Queen seek to block Trump from using We Will Rock You in campaign ad

Clémence Michallon
Donald Trump responds to a question from a reporter at an event for the signing of two executive orders at the White House on 9 October, 2019 in Washington, DC: Win McNamee/Getty Images

Queen are seeking to prevent Donald Trump from using “We Will Rock You” after the US president featured the song in its entirety in a campaign ad.

Mr Trump’s Twitter account shared the video, which consists of a montage of photos from some of his past rallies, on Wednesday.

“We Will Rock You”, Queen’s hit dating back to 1977, plays in full during the two-minute clip.

A representative for the band told The Independent that “Queen did not agree to the use of the song” and that ”the band’s music publishers are removing it”.

A representative told BuzzFeed reporter Adam B Vary, who tweeted about the issue, that Queen “has already entered into a process to call for non-use of Queen song copyrights by the Trump campaign”.

The Independent has contacted the White House for comment.

This isn’t the first time Queen has opposed the use of one of the band’s tracks by the US president.

In July 2016, the band said that Mr Trump’s use of “We Are The Champions” at the Republican National Convention was “unauthorised” and “against our wishes”.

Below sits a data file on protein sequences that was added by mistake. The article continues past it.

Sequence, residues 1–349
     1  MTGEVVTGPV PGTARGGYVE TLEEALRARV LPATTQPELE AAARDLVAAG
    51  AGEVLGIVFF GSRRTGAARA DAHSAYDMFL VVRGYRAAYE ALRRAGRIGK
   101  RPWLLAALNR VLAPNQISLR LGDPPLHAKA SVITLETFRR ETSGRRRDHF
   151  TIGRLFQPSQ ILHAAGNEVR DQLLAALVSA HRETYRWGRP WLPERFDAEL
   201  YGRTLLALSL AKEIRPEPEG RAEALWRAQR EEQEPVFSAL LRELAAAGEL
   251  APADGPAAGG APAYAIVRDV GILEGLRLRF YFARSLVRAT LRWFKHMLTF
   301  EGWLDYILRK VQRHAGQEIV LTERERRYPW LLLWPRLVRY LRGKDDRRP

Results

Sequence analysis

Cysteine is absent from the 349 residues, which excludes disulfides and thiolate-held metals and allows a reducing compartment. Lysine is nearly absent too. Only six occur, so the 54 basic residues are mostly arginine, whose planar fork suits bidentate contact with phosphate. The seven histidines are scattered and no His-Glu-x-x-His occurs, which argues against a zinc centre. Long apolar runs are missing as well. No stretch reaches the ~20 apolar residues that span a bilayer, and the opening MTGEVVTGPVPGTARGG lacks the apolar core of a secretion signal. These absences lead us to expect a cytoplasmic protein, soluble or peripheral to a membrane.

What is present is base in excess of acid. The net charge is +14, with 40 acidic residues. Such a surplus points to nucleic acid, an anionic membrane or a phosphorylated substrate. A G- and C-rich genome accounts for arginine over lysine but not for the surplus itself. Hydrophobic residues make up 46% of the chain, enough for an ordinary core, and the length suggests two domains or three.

Brian May later said that even if Mr Trump had asked to use the song, his request would have been denied, calling Mr Trump a “very dangerous man” on Good Morning Britain.

While candidates may be able to use various songs during rallies, depending on the event’s specific conditions, the situation is different when it comes to using a tune in a campaign ad.

According to guidelines issued by the American Society of Composers, Authors and Publishers, “this kind of use may involve rights such as synchronisation of music with video and the possible use of the master sound recording”.

“The campaign will need to contact the song’s publisher and possibly the artist’s record label to negotiate the appropriate licenses with them. And remember, campaign videos containing music that are posted on the Internet also require these licenses,” the guidelines continue.

“Once the commercial has been produced, the TV and radio stations, and any websites that transmit the commercial, must have a public performance license.”